“I think that’s for them to decide. That was part of our desire for the presentation was less to show up and say, “Oh, this is what you need to do to have sustained engagement.” Rather, these are some ways that maybe a lot of people are engaging with P&P … And then left the question open-ended … I would love to see what people come up with. People here, people everywhere are brilliant, but there are a lot of brilliant people at this campus,” Filippetto said.

Hussain echoed a similar position highlighting the need for collective engagement. 

“As presenters from Students for Justice in Palestine, our focus is limited and our knowledge is limited. And that’s why the question should be open-ended. Even if it’s not from us, I think the question should always be open-ended. But we did end on a note of collectivity … We ended on a note of opening up to any group. We are working currently, in SJP, … on making a collective voice to be heard by people in power,” Hussain said.

For Senior P&P Executive Director Brandon Martínez Serrano, ensuring that the executive team organized the event around three demands, with an emphasis on meaningful cross-campus collaboration was key.

“Many of the things that I tried to address were issues or were dynamics that would affect different communities, different offices on campus, different people, rather than try to cherry-pick some of the individual issues, because as our guest speaker, Linda Sarsour, said we can always find ways to empathize with people, we can always find some commonalities between us. So I tried to address those commonalities, try to see into those intersections that may affect us all and may unite us all,” Martínez Serrano said.

Martínez Serrano also addressed how shifting the form of P&P from a singular day to multiple events could result in sustained engagement, a task that his executive tried to tackle this year.  

“I definitely think that a problem that I will include myself on, throughout these years at Whitman, that I have noticed is how P&P is considered to be one day that happens. And then before and after that there isn’t really much discussion about it. So one of the things that we wanted to address as a team was slowly [changing] P&P day to a P&P week, [where] we are able to address different things that we want related to power and privilege,” Martínez Serrano said.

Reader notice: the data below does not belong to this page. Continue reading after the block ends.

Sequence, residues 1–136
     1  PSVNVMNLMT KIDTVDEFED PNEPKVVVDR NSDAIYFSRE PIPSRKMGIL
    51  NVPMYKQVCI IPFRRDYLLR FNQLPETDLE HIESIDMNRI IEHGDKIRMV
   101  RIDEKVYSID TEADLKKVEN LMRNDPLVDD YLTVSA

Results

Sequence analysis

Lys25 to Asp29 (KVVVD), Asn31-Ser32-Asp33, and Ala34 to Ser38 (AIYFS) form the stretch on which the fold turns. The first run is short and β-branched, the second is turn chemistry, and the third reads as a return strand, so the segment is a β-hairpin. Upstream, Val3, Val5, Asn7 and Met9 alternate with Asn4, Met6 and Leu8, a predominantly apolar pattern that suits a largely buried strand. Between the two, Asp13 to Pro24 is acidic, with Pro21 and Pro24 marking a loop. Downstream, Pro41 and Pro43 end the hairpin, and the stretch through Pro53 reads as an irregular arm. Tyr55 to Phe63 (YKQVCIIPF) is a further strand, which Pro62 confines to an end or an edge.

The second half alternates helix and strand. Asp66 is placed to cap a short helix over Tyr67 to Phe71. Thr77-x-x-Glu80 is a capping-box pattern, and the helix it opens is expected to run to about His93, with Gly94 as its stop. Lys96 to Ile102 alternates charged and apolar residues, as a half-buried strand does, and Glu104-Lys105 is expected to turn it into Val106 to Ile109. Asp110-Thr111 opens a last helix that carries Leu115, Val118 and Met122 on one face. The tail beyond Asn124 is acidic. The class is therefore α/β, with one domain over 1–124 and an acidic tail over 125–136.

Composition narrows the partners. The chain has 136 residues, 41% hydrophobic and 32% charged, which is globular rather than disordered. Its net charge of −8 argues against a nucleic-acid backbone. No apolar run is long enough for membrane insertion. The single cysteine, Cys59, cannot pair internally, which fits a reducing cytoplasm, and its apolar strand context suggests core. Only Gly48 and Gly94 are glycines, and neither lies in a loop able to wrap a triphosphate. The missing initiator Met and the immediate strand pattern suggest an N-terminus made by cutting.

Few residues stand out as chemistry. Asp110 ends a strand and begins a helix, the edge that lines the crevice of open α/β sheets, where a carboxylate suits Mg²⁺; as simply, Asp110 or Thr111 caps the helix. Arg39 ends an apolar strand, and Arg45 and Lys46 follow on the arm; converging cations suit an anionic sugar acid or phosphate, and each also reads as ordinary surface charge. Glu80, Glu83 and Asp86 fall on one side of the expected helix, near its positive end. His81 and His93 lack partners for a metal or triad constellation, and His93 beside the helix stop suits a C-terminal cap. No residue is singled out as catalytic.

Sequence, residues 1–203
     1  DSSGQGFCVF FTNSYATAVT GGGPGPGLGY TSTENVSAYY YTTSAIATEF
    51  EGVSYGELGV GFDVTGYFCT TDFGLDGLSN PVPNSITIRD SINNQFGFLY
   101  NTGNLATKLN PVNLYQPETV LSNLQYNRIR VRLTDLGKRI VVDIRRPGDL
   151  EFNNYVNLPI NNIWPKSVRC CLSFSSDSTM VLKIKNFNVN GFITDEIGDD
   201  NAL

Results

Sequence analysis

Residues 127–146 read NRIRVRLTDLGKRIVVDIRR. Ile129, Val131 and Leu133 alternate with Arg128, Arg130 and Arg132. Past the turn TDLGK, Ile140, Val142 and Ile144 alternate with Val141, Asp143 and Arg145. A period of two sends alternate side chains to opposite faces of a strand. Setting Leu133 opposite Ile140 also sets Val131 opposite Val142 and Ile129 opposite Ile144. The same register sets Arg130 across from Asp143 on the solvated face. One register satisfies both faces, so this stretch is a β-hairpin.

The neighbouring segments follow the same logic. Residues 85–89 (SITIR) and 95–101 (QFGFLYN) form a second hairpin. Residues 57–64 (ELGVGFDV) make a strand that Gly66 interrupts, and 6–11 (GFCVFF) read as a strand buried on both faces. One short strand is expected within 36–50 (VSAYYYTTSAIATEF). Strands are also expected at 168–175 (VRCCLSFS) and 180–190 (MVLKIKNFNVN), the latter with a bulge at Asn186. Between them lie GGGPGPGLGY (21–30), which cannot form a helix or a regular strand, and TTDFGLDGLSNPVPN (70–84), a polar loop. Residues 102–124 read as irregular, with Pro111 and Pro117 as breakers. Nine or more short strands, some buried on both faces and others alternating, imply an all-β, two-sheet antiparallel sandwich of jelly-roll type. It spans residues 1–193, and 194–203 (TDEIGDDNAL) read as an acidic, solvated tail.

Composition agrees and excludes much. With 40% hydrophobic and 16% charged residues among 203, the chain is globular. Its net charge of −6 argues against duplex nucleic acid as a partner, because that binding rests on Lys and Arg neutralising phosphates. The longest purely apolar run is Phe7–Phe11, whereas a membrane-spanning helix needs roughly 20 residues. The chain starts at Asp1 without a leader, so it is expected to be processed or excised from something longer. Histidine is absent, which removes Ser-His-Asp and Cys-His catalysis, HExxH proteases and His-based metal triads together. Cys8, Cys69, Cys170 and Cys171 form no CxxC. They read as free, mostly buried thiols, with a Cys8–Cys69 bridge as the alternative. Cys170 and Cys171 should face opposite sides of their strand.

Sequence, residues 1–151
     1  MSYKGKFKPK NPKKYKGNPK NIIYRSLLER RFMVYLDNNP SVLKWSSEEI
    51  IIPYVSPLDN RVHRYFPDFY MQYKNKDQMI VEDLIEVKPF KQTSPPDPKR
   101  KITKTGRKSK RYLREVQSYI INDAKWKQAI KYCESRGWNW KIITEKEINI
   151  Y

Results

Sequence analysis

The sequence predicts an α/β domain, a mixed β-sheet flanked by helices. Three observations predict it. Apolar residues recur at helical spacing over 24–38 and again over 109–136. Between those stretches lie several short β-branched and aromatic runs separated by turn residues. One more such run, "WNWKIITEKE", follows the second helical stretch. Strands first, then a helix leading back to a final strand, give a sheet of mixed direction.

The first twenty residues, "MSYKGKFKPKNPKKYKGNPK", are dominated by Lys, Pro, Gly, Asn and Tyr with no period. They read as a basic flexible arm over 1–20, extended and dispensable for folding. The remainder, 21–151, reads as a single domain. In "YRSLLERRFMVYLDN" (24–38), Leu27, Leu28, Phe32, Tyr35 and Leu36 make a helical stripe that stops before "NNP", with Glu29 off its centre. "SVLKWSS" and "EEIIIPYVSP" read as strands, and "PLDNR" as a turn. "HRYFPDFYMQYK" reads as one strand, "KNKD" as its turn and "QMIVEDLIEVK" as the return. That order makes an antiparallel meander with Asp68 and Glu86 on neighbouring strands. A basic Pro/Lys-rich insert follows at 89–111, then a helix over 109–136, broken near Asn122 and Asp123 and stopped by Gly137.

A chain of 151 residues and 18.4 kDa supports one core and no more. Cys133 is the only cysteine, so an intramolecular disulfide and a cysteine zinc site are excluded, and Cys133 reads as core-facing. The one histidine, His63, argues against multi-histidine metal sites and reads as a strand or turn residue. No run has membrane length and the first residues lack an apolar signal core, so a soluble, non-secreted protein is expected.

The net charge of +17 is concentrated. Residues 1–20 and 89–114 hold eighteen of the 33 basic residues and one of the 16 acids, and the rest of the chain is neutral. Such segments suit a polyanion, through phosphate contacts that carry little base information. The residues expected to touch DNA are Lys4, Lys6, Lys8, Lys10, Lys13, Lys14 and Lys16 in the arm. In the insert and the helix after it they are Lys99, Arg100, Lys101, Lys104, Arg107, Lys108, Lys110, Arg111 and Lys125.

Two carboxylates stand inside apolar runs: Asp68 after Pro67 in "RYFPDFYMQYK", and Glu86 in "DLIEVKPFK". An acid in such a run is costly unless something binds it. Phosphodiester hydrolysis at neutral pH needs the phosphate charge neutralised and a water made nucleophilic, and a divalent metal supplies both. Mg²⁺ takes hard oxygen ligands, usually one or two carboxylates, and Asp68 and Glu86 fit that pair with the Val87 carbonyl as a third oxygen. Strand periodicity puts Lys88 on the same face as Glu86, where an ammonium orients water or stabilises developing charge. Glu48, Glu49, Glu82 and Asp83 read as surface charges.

Martínez Serrano discussed what he hopes for P&P in the future.

“If you ask me, ideally, how I would like P&P to be, I definitely would like P&P not only to be a symposium or a week, but a conversation that we continuously have as a campus community. [Given] the structure that it currently has, I think that it allows the restrictions of the symposium to do some things … it allows you to start these conversations that otherwise, in many, many cases, we will not have, or address some of the issues that we as large members of the community would not face some of the times,” Martínez Serrano said.

Martínez Serrano continued highlighting the need for more institutional support for the P&P executive student team. He noted that while the Division of Inclusive Excellence offers support, broader backing from other campus offices would alleviate the burden felt by student organizers. Additionally, he mentioned the importance of presenters continuing to highlight everyday issues, faced by students on a micro-day-to-day level as well as addressing global concerns.

The Power and Privilege symposium is a quintessential part of the Whitman experience that allows community members to engage with and tackle crucial social issues. Looking forward presenters, organizers and participants hope for sustained engagement that continues the initial conversations started on the day of the symposium.

Leave a Comment
More to Discover

Comments (0)

All Whitman Wire Picks Reader Picks Sort: Newest

Your email address will not be published. Required fields are marked *